Monday, March 29, 2010
C.A.: Duty Owed to Students in After-School Programs
By STEVEN M. ELLIS, Staff Writer
This district’s Court of Appeal has revived a suit against the Los Angeles Unified School District by an elementary school student who was physically and sexually assaulted after school on school grounds by her peers.
Div. Three on Thursday rejected Los Angeles Superior Court Judge Michael R. Hoff’s conclusion that school districts owe students an affirmative duty of care due to the compulsory nature of education, but have no such duty when it comes to voluntary after-school programs.
The minor, identified as “J.H.” and then-7 years old, was attending the district’s free after-school playground program in April 2005 and playing with first- and second-grade students in a “kissing club” when one member—another girl—pulled her into an unlocked storage shed, slapped her repeatedly and ordered her to have sex with a boy in the group, who was present in the shed.
She said the incident followed another two days earlier when the boy forcibly kissed her against her will at the group’s encouragement.
Students in the program were not supposed to be on the side of the campus where the shed was located, but the minor claimed the school provided, at most, two adults to supervise the 200 to 300 children on the playground during the program.
The minor sued the district for negligent supervision and other claims. She argued that the school had a special relationship to students and an affirmative duty to protect them, which it violated by failing to provide adequate supervision, failing to break up or monitor the kissing club, and failing to lock the shed and deny access to it.
The district denied the allegations and sought summary judgment. It contended that any special relationship ended when the minor and the others left the part of the campus where program participants were allowed, and that it had no duty to protect the minor because the incidents were not foreseeable.
Hoff granted the request, ruling not only that schools generally owe no duty of care to children participating in voluntary after-school programs, but that the district had no special duty to the minor or the other children in the shed because there was no evidence it was aware the other children had sexual proclivities towards the minor or others.
Presiding Justice Joan Dempsey Klein, however, wrote on appeal that schools have a special relationship to supervise children on their premises, including participants in voluntary programs, giving rise to a duty to provide children reasonable protection.
She also said that the degree of care owed is inversely proportional to a child’s level of maturity, and instructed Hoff to determine whether the district was negligent in running the after-school program and, if so, whether that was the proximate cause of the minor’s injuries.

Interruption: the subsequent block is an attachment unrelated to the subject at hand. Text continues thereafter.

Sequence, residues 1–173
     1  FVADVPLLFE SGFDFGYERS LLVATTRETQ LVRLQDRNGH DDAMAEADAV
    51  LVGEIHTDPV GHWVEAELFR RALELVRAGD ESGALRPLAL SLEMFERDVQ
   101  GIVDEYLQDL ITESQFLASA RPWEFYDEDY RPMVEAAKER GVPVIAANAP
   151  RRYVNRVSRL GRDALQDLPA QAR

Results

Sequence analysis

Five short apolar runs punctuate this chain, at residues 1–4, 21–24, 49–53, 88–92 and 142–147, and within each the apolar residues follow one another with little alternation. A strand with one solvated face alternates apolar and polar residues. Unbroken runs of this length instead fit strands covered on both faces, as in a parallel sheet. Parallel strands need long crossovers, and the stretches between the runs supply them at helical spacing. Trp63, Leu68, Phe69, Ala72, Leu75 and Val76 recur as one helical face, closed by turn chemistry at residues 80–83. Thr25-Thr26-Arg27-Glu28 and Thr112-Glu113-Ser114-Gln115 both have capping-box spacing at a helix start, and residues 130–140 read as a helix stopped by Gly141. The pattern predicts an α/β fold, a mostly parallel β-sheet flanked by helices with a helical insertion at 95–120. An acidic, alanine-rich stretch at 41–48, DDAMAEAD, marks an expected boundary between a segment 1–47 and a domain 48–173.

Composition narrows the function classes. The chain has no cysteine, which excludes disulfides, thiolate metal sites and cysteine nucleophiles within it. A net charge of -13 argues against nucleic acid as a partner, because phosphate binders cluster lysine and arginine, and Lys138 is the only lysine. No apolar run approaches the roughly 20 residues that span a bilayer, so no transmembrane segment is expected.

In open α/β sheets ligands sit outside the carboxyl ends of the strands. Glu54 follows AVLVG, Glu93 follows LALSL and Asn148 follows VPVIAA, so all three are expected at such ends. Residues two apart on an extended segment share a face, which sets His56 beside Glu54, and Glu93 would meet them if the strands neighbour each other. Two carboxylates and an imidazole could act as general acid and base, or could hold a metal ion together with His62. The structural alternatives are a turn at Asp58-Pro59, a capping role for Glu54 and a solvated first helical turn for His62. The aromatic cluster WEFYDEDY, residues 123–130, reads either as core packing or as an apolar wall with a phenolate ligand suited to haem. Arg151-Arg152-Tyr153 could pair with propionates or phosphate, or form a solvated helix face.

In doing so, the justice noted:
“Plaintiff need not show that the very type of injury she sustained was foreseeable in the absence of adequate supervision….[A]lthough one might argue that the instant case raises the question whether it is foreseeable that first and second grade students would sexually assault plaintiff, the question is accurately framed as whether it is foreseeable that one child may be assaulted by another child during the [after school program] in the absence of adequate protective safeguards….
“Although a sexual assault on a young student by a child of similar age is shocking, nevertheless playground supervisors are required to be on the lookout for the safety of their charges, including assaults on children, not just for specific forms of assault.”
Representatives of the law firm Carlson & Messer, which represented the district, could not be reached for comment.
Kreindler & Kreindler attorney Stuart R. Fraenkel, co-counsel for the minor, said he was “absolutely thrilled” by the decision and called it “a good day for the safety of children.” He said the Court of Appeal “got it right,” adding that “when the trial court ruled the district had no duty, we were shocked.”
Fraenkel commented that he would not be surprised if the district sought Supreme Court review, but he said he expected the high court would affirm and that the case would return to the trial court. He also remarked that he hoped the district would “see the wisdom of sitting down” and resolving before a trial, which would only “cause more emotional distress” for his client. Plaintiffs were also represented by Gabriel S. Barenfeld and Jennifer J. Terando of Kreindler & Kreindler, as well as Los Angeles attorney Howard C. Kornberg. Defense counsel included Jeffery J. Carlson, Jeanne L. Zimmer and Edgar N. De Vera.
Justices Patti S. Kitching and Richard D. Aldrich joined Klein in her opinion.
The case is Agbeti v. Los Angeles Unified School District, B211052.
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